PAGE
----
I didn’t used to think I was a selfish person. Then I got married. All of a sudden, my life decisions weren’t all about me anymore. I needed to include someone else and learn to put his desires before my own.  After a few years of marriage, I thought I’d learned how to not be selfish. Then I had kids. All of  a sudden, my time really wasn’t my own. I needed to sacrifice basic things like sleep and hygiene over the needs of this tiny, helpless person that couldn’t do anything for themselves.  Then I did it again, and

If your family is like mine, when you’re trying to shuffle the kids out the door, there’s a lot of chaos, bickering, barking, and frustration. And usually everything is heightened because we’re already running late and I’m trying to hurry. That’s the keyword there: hurry . I find I’m constantly trying to do more than I can, not allowing tasks to take the amount of time they take, and then getting frustrated I’m running behind. I also have a tendency to get distracted, so that just slows me down even more. Then I try to compensate by hurrying everyone along

How connected is your family? Do you regularly spend time focusing on each other? As cell phones have helped us stay in touch with those not physically with us, it’s distanced us from those we’re sitting next to (see Eric Pickersgill’s Removed series for a powerful visual of our attachment to mobile devices). How do you make the most of the time you have with your kids? As a working mom, I only have about 3 hours between when I get off work and I tuck them into bed–that includes traveling to and from the office, the time it takes

I’m not a farmer. I’m not a gardener. I tried being a plant mom, but after my plants hobbled along for a couple of years, I decided to focus on other things.  Despite my thumb being far from green, there are important lessons all of us can learn from plants. Sowing good seeds Twin Lakes Church shared a devotional for mothers this past May, and I really liked what one of them wrote based on Galatians 6:7b : “You will always harvest what you plant.”  As it began to dawn on me that I would never have children of my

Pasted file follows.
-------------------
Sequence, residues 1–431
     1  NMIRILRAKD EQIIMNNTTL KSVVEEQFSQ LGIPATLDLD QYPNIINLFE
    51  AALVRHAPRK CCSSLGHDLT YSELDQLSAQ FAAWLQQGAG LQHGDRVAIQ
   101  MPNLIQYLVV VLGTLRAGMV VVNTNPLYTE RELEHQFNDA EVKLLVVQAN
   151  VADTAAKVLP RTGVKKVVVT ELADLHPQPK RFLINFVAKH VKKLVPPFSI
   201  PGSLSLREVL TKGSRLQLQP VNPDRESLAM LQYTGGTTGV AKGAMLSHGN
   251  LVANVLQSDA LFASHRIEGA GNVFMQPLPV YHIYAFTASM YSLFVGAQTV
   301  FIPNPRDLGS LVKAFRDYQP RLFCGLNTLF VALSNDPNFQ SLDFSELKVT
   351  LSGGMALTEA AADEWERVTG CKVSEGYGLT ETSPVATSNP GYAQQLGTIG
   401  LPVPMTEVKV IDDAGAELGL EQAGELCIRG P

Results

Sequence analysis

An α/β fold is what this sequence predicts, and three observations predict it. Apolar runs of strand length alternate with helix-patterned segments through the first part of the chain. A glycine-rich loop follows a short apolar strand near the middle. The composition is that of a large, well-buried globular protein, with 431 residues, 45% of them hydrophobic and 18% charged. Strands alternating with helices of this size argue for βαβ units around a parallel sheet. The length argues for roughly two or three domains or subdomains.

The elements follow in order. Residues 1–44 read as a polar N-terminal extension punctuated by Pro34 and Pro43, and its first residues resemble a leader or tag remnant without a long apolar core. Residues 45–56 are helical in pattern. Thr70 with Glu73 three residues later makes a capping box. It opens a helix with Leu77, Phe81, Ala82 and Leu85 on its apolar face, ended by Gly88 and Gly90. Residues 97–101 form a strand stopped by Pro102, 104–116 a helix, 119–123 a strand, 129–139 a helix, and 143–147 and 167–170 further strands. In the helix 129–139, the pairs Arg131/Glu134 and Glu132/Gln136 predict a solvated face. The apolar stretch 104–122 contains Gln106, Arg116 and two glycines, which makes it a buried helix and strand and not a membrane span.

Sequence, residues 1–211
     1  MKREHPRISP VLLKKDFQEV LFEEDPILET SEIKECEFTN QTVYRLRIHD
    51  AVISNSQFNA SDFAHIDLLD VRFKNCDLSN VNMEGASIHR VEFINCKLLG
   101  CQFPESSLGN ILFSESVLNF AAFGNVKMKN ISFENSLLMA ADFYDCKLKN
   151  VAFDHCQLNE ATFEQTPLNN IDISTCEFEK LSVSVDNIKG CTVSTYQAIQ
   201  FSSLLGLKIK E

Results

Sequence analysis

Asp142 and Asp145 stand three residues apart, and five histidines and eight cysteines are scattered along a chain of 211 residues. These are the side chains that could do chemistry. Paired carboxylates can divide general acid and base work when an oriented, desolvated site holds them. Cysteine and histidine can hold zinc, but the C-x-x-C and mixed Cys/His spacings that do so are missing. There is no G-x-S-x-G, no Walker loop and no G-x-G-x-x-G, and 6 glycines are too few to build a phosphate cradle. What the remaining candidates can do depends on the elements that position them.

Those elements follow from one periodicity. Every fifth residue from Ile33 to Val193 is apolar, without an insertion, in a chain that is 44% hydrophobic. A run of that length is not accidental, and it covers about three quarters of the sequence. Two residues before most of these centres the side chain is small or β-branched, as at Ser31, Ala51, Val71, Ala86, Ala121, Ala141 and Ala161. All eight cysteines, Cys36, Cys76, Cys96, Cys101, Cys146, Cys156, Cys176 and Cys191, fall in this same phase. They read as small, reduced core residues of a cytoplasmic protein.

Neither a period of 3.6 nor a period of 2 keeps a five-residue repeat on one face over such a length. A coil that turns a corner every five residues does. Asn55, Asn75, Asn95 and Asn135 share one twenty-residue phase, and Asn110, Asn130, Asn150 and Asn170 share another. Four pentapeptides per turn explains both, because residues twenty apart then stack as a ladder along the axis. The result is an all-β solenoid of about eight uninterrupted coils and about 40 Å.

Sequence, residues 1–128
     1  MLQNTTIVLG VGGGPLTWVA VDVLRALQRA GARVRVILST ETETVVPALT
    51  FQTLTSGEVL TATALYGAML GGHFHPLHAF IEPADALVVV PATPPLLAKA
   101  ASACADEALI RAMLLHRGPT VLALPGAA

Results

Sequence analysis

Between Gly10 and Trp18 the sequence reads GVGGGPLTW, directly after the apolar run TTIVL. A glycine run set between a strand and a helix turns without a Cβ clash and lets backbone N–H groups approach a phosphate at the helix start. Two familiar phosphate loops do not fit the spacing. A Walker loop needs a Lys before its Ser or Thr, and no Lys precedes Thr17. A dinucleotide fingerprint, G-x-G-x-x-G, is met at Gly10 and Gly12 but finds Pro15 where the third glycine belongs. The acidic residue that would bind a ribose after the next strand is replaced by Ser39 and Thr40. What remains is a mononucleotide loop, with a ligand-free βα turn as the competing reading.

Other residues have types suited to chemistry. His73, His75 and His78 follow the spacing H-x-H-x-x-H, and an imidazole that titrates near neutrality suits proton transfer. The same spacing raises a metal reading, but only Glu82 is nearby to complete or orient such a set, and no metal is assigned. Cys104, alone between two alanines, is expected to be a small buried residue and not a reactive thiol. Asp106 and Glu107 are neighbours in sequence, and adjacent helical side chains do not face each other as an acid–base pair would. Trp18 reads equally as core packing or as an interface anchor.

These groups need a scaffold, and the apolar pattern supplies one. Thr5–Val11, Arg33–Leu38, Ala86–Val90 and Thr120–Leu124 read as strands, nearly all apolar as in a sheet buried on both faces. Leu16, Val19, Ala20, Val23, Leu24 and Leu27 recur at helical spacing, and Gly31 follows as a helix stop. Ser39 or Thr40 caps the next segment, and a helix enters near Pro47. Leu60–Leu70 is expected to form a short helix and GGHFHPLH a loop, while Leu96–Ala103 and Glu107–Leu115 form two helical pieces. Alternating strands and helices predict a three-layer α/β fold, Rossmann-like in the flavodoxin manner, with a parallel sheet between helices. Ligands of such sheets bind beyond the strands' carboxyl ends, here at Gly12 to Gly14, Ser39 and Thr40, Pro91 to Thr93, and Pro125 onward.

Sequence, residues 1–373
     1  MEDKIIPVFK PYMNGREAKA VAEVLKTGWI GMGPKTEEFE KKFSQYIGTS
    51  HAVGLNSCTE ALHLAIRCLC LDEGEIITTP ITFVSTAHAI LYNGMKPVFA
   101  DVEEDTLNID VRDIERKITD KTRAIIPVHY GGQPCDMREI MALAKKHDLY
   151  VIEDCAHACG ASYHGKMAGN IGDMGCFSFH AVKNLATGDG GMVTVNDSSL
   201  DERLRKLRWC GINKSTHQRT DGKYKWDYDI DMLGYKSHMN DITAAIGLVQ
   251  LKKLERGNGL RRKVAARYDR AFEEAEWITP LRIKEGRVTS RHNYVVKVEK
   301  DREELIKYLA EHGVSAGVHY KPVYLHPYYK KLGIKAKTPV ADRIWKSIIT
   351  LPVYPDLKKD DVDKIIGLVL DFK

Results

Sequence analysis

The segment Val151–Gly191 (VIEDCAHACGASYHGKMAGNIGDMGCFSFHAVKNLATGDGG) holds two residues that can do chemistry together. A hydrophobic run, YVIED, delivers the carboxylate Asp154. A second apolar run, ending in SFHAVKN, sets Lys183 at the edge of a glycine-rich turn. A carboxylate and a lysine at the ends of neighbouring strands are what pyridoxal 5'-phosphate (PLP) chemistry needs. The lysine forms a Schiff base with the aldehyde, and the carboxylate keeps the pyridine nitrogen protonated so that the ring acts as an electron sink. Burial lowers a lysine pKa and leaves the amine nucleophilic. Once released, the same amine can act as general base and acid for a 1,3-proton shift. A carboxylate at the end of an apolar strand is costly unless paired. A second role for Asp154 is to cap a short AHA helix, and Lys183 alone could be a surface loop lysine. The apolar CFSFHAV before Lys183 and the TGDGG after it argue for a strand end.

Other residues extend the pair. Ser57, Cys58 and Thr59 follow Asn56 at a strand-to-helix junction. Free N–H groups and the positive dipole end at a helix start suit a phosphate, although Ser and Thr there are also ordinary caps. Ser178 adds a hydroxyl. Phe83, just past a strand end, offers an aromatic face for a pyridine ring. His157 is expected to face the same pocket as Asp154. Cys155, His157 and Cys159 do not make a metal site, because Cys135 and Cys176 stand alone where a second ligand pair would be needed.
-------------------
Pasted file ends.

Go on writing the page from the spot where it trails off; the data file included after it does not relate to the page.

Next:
Does anyone else ever argue with their spouse? I like to think my husband and I have a pretty strong relationship, but that doesn’t mean we don’t ever disagree. At least so far we’ve been able to talk things out and resolve the conflict, but that doesn’t mean our conversations don’t get heated. When you disagree with your husband, how do you react? I took a training for work a while ago that talked about when we’re in crucial, emotional conversations, our brain goes into a fight or flight mode and either shuts down or amps up. When you’re in

We’re natural complainers. It’s in our human nature. I see it in myself and my kids–even my two-year-old. We want to make sure we get to have what everyone around us is enjoying, and if what we have doesn’t measure up, we complain.  But think about it. Would you rather spend time with someone that complains all the time or someone that has positive things to say about others? I think we naturally gravitate towards the latter, but naturally behave like the former. What does the Bible say about complaints? In Philippians 2:14–16a , Paul tells the church: Do everything